The second phase of the exercise was performed at sea and offered the MIO teams several different chances and ways to board simulated suspicious craft. With some of the naval vessels acting as boarding platforms, teams were offered multiple opportunities for practical training in an open, littoral environment.
"During the exercise we conducted fast-rope exercises and traditional RHIB embarkations," said Saa. "We also conducted helo-deck landings as well."
The simulated target vessels for these training exercise were often the amphibious transport dock ship USS Nashville (LPD 13) and the fleet replenishment oiler USNS Patuxent (T-AO 201). Landing craft utilities (LCU) from the amphibious assault ship USS Nassau (LHA 4) were also used as target craft in several scenarios. Nassau herself was utilized as a central hub for the exercise, hosting many liaison naval officers from the other participating countries.
"We served as essentially a hotel and command center for about a 150 people from 10 different nations," said Navy Capt. James R. Boorujy, commanding officer, Nassau. "We carried a number of the boarding teams from several of the countries that participated, so we were very much the center of the operation."
Two helicopters from Helicopter Sea Combat Squadron (HSC) 28 provided transportation from Nassau's flight deck to the target vessels, often taking foreign teams who had never flown in an American helicopter.
While not performing boarding exercises, the multinational teams also found other ways to improve their collective skills, including friendly competitions and small arms firing.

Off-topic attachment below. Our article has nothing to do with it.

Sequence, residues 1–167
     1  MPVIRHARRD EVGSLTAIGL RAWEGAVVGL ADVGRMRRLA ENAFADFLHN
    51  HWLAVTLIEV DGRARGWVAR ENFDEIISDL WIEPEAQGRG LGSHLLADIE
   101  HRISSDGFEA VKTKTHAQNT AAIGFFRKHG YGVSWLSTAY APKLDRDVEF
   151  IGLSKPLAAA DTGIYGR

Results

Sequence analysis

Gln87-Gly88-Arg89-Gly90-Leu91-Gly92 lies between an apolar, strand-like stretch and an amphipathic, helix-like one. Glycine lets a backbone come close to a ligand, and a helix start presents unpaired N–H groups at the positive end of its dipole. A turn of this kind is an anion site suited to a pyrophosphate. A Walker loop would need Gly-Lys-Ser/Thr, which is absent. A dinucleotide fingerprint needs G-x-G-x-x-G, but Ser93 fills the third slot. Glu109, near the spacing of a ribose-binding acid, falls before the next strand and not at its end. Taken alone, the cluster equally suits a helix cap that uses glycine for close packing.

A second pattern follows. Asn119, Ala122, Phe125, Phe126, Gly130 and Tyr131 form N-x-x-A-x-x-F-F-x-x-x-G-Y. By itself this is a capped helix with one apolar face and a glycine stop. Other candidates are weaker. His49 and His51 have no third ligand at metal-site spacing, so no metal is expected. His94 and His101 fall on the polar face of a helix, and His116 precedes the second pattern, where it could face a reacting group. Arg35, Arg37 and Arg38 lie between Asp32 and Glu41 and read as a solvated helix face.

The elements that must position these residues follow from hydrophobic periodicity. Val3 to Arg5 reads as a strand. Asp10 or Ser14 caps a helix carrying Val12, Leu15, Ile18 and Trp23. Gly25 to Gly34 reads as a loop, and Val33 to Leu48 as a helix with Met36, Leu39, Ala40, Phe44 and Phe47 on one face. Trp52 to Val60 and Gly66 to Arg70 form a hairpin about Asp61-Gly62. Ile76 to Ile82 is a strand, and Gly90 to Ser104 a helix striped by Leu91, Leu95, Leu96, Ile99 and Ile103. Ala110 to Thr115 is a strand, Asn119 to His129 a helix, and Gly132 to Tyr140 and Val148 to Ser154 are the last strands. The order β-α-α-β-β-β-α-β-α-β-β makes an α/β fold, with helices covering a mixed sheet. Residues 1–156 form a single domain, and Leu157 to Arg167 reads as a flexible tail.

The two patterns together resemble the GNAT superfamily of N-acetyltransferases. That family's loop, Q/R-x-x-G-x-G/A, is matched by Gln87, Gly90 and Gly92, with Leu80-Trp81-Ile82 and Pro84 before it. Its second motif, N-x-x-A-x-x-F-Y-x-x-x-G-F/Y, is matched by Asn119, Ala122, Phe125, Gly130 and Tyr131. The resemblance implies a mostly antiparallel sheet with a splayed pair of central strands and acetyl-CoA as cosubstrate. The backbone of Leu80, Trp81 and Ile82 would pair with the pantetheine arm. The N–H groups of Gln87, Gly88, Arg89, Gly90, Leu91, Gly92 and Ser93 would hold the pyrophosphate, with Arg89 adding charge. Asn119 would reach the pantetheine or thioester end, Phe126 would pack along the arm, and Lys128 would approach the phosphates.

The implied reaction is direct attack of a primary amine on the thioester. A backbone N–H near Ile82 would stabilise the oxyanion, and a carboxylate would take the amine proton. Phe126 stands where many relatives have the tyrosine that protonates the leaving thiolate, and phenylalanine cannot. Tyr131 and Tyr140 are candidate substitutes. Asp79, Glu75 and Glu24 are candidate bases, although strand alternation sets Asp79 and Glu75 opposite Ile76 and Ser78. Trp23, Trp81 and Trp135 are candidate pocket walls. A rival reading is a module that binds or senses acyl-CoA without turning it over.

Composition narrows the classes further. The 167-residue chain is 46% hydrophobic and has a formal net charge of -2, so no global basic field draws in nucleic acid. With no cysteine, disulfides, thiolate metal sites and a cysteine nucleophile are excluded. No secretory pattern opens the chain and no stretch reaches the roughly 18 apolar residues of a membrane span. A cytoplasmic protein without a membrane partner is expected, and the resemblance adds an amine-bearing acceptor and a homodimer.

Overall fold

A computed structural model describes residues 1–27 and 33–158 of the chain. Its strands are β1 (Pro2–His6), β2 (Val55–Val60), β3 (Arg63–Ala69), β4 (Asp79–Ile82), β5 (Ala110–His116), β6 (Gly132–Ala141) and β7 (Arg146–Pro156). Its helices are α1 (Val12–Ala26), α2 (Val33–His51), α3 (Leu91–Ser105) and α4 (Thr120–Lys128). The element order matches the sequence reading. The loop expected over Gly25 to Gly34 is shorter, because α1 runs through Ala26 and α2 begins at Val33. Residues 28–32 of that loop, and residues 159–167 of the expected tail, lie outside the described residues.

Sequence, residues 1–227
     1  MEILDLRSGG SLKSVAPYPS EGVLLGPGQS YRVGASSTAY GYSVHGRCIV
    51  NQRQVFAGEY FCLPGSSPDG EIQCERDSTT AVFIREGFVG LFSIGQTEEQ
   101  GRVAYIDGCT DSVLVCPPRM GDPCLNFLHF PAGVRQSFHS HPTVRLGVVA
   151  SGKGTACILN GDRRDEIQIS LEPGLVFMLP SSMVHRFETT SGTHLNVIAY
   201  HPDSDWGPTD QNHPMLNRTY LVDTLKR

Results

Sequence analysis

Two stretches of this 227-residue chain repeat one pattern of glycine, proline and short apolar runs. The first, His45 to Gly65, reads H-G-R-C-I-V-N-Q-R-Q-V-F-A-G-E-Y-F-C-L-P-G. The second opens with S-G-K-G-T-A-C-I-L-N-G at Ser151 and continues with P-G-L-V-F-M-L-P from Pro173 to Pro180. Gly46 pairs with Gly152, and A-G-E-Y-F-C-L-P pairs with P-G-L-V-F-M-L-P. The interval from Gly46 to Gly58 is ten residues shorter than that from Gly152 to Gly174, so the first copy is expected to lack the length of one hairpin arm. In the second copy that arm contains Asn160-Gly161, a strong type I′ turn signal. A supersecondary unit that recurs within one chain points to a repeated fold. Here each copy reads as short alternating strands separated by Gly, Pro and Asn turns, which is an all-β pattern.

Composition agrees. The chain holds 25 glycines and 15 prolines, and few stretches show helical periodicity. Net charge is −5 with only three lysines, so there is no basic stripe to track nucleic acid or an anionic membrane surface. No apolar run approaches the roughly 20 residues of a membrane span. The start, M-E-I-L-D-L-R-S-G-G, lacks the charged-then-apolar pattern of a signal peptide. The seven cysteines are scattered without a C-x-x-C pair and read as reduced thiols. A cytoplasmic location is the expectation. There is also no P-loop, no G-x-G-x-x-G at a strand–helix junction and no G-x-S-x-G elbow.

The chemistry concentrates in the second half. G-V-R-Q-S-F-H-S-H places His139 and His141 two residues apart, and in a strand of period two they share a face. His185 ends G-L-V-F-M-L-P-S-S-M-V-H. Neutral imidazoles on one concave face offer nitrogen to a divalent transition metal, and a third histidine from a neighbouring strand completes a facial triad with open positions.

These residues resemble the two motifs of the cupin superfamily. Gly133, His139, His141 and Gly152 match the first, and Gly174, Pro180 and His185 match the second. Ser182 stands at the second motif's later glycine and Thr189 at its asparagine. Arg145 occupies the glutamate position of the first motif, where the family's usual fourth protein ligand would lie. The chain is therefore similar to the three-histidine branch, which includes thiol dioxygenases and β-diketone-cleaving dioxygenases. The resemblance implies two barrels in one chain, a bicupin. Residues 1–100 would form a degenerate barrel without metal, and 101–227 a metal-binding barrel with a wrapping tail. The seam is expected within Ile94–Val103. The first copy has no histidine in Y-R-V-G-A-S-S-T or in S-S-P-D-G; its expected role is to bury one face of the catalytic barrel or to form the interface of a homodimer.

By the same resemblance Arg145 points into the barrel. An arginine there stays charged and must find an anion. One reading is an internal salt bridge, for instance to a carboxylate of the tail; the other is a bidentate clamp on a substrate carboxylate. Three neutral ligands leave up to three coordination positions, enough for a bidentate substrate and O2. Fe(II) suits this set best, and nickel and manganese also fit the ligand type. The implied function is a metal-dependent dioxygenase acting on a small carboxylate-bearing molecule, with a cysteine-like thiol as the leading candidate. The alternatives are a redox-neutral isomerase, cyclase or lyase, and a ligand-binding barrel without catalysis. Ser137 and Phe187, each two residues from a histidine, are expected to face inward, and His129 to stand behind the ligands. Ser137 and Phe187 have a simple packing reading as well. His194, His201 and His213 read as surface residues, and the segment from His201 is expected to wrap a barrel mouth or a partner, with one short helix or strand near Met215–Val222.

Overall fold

"The small arms training that we did aboard the ship was really a way to do a weapons exchange with other countries," said Zetz. "We gave them an opportunity to fire some of our weapons like the Mossberg shotgun or our Beretta 9mm's, and the Maltese let us fire their MP5s."
The at-sea phase of PE 08 came to a close April 19, in Augusta Bay, Sicily, where the participating countries met to discuss the outcome of the exercise.
"Looking at the reports, one of the common trends was the level of professionalism," said Saa. "That says a lot. If there's one thing that's really truly important when you're conducting VBSS it is professionalism. That may be the first time that that vessel's master ever meets an American, and you never get a second chance at a first impression. So you really need to show that you're a professional and you're not there to harm them. That's the message that we need to put out there every time we do this."
"One of the successes that Nassau can take away is that we can operate with many different countries," said Boorujy. "We can bring their helicopters in, we can bring the boarding teams in and they can work from this very capable platform."
PE 08 is the third annual exercise in a long-term effort to improve regional cooperation and maritime security. The principal aim is to increase interoperability by developing individual and collective maritime proficiencies of participating nations, as well as promoting friendship, mutual understanding and cooperation.
Navy Mass Communication Specialist 3rd Class Coleman Thompson
Nassau Expeditionary Strike Group Public Affairs
Published on: 2008-04-24